COVID-19’s Impact on Poverty in EstoniaThe COVID-19 pandemic had a profound impact on countries worldwide, with Estonia being no exception. The country, like many others, experienced a range of harsh effects stemming from the pandemic, including a significant rise in poverty rates. COVID-19’s impact on poverty in Estonia involved economic issues such as labor shortages and increasing inflation rates.

Poverty Before and After COVID-19

In 2018, before the pandemic, Estonia’s poverty rate was at its lowest, with only 20% of the country’s population living in poverty. When the pandemic hit in 2019, this number rose to about 60%.

Although Estonia initially had a strong COVID-19 rebound, it eventually encountered a quick and rapid decline in monetary aspects. It experienced a decline in the labor market, which contributed to an increase in poverty. The labor shortage issues have been causing steady price inflation since 2021.

Approximately 75% of Estonians aged 65 or older live in relative poverty, while the poverty rate for women has surged by around 10%. In 2021, 22.8% of Estonians were at risk of poverty. And the number of individuals who were already living in poverty escalated by approximately 2.2% after 2020.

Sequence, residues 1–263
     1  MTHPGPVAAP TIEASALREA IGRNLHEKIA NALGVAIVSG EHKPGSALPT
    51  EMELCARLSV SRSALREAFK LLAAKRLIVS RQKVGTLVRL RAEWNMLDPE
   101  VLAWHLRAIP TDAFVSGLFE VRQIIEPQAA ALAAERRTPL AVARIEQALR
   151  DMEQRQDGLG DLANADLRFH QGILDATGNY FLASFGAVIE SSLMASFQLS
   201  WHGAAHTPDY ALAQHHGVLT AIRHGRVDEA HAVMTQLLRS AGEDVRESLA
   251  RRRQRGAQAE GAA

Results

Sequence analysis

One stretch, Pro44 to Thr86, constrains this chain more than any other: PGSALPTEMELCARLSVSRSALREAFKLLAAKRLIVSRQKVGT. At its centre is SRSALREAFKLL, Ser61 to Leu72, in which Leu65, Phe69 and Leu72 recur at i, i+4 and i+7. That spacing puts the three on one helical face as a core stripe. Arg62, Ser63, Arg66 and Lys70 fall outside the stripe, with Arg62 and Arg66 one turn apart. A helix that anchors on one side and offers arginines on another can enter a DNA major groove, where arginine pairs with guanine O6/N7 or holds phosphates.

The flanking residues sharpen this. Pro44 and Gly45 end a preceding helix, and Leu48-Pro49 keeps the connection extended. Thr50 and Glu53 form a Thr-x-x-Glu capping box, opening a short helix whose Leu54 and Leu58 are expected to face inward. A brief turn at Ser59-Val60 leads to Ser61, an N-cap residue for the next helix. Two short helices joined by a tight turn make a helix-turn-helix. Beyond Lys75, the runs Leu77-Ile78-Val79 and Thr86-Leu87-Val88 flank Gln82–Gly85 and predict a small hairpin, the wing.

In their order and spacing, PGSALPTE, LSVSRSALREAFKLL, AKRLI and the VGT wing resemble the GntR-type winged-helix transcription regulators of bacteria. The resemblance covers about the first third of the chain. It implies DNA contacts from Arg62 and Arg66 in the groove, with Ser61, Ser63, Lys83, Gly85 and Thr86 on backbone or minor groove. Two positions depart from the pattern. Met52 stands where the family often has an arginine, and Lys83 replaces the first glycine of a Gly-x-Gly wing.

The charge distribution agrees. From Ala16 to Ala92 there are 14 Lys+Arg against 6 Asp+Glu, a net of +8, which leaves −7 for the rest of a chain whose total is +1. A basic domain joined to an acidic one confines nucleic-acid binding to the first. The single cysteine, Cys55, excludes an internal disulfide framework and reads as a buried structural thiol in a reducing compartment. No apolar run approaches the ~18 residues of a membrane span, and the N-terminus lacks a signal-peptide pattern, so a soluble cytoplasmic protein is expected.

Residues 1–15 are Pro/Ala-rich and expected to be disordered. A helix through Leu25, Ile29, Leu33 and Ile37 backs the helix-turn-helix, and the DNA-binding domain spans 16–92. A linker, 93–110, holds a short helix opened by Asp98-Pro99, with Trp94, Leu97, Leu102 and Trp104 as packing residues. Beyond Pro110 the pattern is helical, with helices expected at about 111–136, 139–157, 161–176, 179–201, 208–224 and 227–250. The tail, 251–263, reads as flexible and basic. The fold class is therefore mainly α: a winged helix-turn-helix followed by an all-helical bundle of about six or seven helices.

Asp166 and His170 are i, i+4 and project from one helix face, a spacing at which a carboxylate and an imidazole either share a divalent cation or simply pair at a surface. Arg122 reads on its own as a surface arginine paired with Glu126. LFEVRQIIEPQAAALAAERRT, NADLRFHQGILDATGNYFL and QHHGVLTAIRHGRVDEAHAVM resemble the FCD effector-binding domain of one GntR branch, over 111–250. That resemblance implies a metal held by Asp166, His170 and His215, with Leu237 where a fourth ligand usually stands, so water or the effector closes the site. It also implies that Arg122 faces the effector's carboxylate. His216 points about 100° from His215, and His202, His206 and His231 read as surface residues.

The absolute poverty rate in Estonia is up to 5% as of 2021. The majority of those in absolute poverty are between the age range of 18 to 24 years old.

The heightened poverty rates in Estonia stem directly from the rise in unemployment rates. In 2020, job availability declined, causing many Estonians to lose their employment. Furthermore, certain industries, including social affairs, health care and education, faced difficulty in hiring qualified personnel to fill open positions.

Recovery Efforts

One positive aspect of Estonia’s situation is its existing digital infrastructure, which allowed the country to adapt more seamlessly to the rapid shift toward technology during the COVID-19 pandemic. The country’s advanced technological landscape has facilitated significant improvements in the areas of health and education.

By virtue of digital advancements, Estonia’s public services were able to continue operating without significant disruption during the pandemic. The country launched its e-Cabinet initiative in 2000, transitioning decision-making processes from paper-based documents to digital systems. This initiative was further strengthened in 2020, with minimal negative effects on Estonians, who were already familiar with these technological innovations.

Additionally, Estonia improved its healthcare system by utilizing its expertise in technological innovations. The country developed apps like the ViVeo Health app, which allowed Estonians to connect with health care professionals through video calls.

Measures that Aided Estonians During COVID-19

Between March 2020 and December 2021, the European Commission approved millions of euros on multiple occasions toward schemes that aim to help Estonia recover from the impact of the pandemic.

In addition to the European Commission’s donations, the Estonian government authorized a budget support package that was applied across several agencies and sectors. This support budget resulted in a 9% boost to the gross domestic product from 2018.